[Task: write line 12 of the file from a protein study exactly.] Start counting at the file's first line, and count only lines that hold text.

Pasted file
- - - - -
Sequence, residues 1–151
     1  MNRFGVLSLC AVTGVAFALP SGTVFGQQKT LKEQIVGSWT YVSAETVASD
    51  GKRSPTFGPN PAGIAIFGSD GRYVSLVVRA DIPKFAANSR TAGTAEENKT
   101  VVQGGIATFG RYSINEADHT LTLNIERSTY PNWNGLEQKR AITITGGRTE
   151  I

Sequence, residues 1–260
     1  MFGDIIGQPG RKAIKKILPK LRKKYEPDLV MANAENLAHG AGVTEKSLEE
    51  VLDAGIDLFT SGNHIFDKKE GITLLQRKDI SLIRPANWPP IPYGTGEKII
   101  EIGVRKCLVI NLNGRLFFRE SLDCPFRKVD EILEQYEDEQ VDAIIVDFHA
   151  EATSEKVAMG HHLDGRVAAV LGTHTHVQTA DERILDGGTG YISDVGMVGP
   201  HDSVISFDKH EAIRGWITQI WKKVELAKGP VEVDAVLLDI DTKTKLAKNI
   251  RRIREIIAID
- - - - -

   251  RRIREIIAID